The technology is still under development, says Givon, who believes it will be strong enough to pick up biometric information from a footstep. If a passenger is wearing heavy hiking boots, for example, WeCU will rely on biometric sensors combined with video and thermal biometric imaging to detect malicious intent.

Another option from WeCU is a "smart seat," or cushion full of hidden biometric sensors that could provide a more detailed read on someone sitting in an airport waiting area, Givon says.

While the technology sound like something from a James Bond flick or even "A Clockwork Orange," Givon insists that passengers will not find the techniques intrusive. "We don't want you to feel that you are being interrogated," he says.

Givon is negotiating contracts with airports worldwide and believes his company's technology may be implemented as soon as 2010.

Nemesysco, another Israeli-based technology company, believes the key to a person's emotions and intentions lies in their voice. The company's patented LVA, or Layered Voice Analysis, technology can pick up verbal cues from a passenger who may pose a threat.

Unlike a polygraph test, which checks for lies, Nemesysco's systems work as an "emotion detector," says Nemesysco CEO Amir Liberman. In other words, it's not what passengers say, but how they say it.

Nemesysco's devices use a series of patented signal-processing algorithms that can differentiate between a "normal" voice and a"'stressed" voice. If emotional stress is detected, officials can determine if the passenger should be taken aside for further questioning.

The system works on the premise that all voices have a certain frequency, and any deviation of that baseline frequency can indicate stress.

Liberman says it takes approximately five to 10 seconds for their system to capture a "normal" voice in casual conversation, which establishes a baseline. Their system then measures changes from the baseline voice that signify an increase in stress, excitement, anticipation, hesitation or other emotions that can indicate a potential terrorism threat.

A computer processes the voice patterns and then flashes words such as "high risk," "medium risk," "excited" and "highly stressed." Through his system, Liberman says, he "can see what's going on in your brain."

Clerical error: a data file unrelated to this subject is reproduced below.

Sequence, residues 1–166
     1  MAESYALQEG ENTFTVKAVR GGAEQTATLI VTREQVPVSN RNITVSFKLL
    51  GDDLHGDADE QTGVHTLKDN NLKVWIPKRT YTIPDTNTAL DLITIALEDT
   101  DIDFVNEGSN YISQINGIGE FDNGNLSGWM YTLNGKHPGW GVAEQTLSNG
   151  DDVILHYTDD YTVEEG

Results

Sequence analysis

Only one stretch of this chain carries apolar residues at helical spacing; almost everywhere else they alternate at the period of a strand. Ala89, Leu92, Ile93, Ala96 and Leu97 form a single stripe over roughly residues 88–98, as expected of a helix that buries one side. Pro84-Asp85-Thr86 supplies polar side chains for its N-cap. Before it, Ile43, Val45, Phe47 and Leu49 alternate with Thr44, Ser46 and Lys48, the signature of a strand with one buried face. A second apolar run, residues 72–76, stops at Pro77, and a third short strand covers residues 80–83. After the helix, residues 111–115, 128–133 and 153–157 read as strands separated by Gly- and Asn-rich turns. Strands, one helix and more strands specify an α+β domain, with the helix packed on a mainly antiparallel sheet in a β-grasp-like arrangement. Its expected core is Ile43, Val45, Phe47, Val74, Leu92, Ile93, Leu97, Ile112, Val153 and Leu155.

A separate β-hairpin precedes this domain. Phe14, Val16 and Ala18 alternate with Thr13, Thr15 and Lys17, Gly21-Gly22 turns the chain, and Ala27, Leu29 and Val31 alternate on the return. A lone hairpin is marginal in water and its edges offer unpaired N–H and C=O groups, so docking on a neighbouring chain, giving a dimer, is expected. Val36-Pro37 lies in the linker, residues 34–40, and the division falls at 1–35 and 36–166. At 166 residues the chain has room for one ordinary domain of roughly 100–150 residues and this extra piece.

Versions of Nemesysco's system already have been successfully tested at Moscow Domodedovo International Airport, where officials used it to target criminals and drug traffickers. A version was recently implemented at another major international airport which Liberman declined to identify.

Layered Voice Analysis also has been used to test for insurance fraud and on the TV program "Big Brother Australia."

Layered Voice Analysis has limitations, including the inability to trace the vocal patterns of a person with a speech impediment. But the system is more effective than current security measures, claims Liberman, who believes a terrorist currently can pass through airport security with explosive material "that can take down any plane."

In fact, many experts express little confidence in the current state of airport security.

Philip Baum, London-based editor of Aviation Security International magazine, says would-be terrorists could easily slip through security checkpoints, even with new regulations that check for liquids.

"The archaic system of an X-ray machine and metal detector cannot pick up other potential threats posed by passengers," Baum says. "I can have a ceramic weapon or chemical weapons and walk through an archway metal detector and it won't be picked up. Yet we have huge faith in these metal detectors that can only pick up one substance."

Laviv, whose consulting firm focuses on securing mass transportation systems, is equally skeptical.

"It is possible today to hijack an aircraft using only five or six able-bodied passengers who are well-trained in Kung Fu fighting," he says. "There is no technology in place in airports to detect a threat like that.

"The question is, should our desire be to look for each and every threat agent, rather than focus our efforts on identifying the [violent] intention of the passenger?"